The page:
ROTHSCHILD Adèle de (EN)
Adèle de Rothschild was raised in Frankfurt am Main and was her cousin Salomon de Rothschild’s widow at a very young age in 1864. Throughout her life, Adèle gathered an important collection of artworks and books, a portion of which she had inherited from her father Mayer Carl de Rothschild, her husband, as well as her father-in-law James Mayer de Rothschild (1792-1868).
After Salomon’s death and a decade of semi-retirement, she built the hôtel de la rue Berryer (today the Fondation des Artistes) in Paris, where what was left of the Folie Beaujon was located (in 1882, Baroness Salomon de Rothschild enlarged her garden by having Balzac's house demolished, keeping only the columns of the Beaujon chapel). The work of the architect Léon Ohnet’s and his student Justin Ponsard created a link between the frame and the collected object. According to Pauline Prevost-Marcilhacy (2016), “This is a triple memorial dedicated to Balzac (the rotunda in Beaujon preserves several souvenirs of the writer), to her father Mayer Carl (whose gold and silver collections she installed on the first floor in 1895) and her husband. The cabinet of curiosities, isolated from the rest of the house, which Baroness Salomon had wanted to keep intact at the time of her bequest in 1922, plays the role of a sanctuary within this ensemble”. An album of 40 contact prints that had been commissioned for the inauguration from the photographer Gary in 1878 bear witness to the architecture and decoration of this hotel. These photographs were given to the Musée Carnavalet in 1891 along with the marquetry door of the room in Balzac's hotel (deposited in the Maison de Balzac in the 16th arrondissement of Paris).
Regarding Adèle’s collections, her expenditure seems to be very limited compared to that of her husband, judging by her account books (Prevost-Marcilhacy, 2016). The decoration of the hotel was inspired by that of the Château de Ferrières, notably the central hall, and by the craze for the 18th century, which had been made fashionable by the Empress Eugénie in 1860 at the Palais des Tuileries. Although considered outdated at the time, this type of decoration nevertheless accorded with her husband's taste. It is then in the most intimate rooms that Adèle revealed a more personal taste, such as in the bathroom in Japanese style, but also in the oriental garden pavilion or in the “oratory in Arabic style that was designed for religious ceremonies”. All of these spaces, which have now disappeared, adhered to the new oriental style, which reached its peak at the time of the Exposition universelle in 1878.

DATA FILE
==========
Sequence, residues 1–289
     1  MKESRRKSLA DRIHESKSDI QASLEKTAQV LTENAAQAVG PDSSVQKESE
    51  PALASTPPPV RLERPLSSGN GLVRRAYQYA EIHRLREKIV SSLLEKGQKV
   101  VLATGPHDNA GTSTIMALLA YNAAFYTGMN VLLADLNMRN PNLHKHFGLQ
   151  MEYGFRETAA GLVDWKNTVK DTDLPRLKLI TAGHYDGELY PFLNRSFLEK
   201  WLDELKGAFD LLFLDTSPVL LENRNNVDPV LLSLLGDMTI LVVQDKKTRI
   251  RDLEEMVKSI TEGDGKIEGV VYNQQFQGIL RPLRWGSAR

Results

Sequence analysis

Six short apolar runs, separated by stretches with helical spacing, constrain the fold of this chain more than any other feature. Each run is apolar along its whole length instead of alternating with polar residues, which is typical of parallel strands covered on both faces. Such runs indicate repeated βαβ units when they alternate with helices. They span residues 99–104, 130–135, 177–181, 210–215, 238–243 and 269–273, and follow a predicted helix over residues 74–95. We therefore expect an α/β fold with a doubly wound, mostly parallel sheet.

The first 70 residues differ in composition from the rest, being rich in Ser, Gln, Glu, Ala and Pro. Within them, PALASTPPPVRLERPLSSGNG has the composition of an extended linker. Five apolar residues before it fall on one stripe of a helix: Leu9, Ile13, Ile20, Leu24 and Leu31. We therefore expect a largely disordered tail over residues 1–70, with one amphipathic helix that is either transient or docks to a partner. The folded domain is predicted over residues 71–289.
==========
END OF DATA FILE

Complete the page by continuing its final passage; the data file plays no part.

Adèle, who was dedicated to the development of the Musée des Arts Decoratifs, figured among the most prominent lenders for the first retrospective exhibition of the Union Centrale des Arts Décoratifs in 1865 and for the 1869 exhibition (Prevost-Marcilhacy, 2016). At her death in 1922, she bequeathed a selection of her collection to the Musée du Louvre, as well as nearly a thousand printed volumes, drawings, engravings, photographs and manuscripts at the Bibliothèque nationale de France. She also entrusted part of her works of art to the Musée de Cluny (some are now at Écouen) and at the Musée des Arts décoratifs in Paris. Her hôtel was finally bequeathed to the State, along with its park and outbuildings, so that it could be used "by the Beaux-Arts administration to create a house of art to be called the Salomon de Rothschild Foundation". Among the works of art that are still kept at the Fondation des Artistes are the Lion Embracing a Crocodile by Eugène Delacroix and the Orpheline alsacienne by Auguste Rodin.
At her death in 1922, Baroness Adèle de Rothchild donated her opulent collections to a number of French institutions. Her hôtel particulier at 11, rue Berrier in the 8th arrondissement was bequeathed to the State (Paze-Mazzi O., 2020, p. 55). Baroness de Rothchild’s will, written in 1908, announced that “The State shall preserve the Curiosity Room and its contents on the courtyard side in its present state, with its old coloured stained glass windows, as well as the Balzac Pavilion and its contents” (Paze-Mazzi O., 2020, P. 55).
Dispite its dispersal, Adèle and Salomon de Rothschild’s collection entered several Parisian institutions and offered a beautiful overview of this eclectic collection of manuscripts, 19th century Italian majolica, 18th century romantic paintings, ceramics but also Boulle clocks (Prévost-Marcilhacy P., 2016). Unfortunately, before his death, Adèle de Rothschild burned all of her archives, which makes it impossible to retrace and date her collection (Prévost-Marcilhacy P., 2016, p. 8-19).
The Rothschild hôtel particulier, although built and decorated in the 18th century style, nevertheless shows a certain desire for novelty, perhaps closer to the Baroness' personal taste, especially in the decoration of the bathroom, in the Japanese style, or through the oriental pavilion which adorns the garden (Prévost-Marcilhacy P., 2016, p. 8-19). The collection also includes some Chinese plates that are exhibited in the curiosities cabinet in the hotel de la rue Berryer. Furthermore, the Baroness was one of the largest lenders to retrospective exhibitions organised by the Union centrale des beaux-arts appliqués à l'industrie (Prévost-Marcilhacy P., 2016, p. 8-19).
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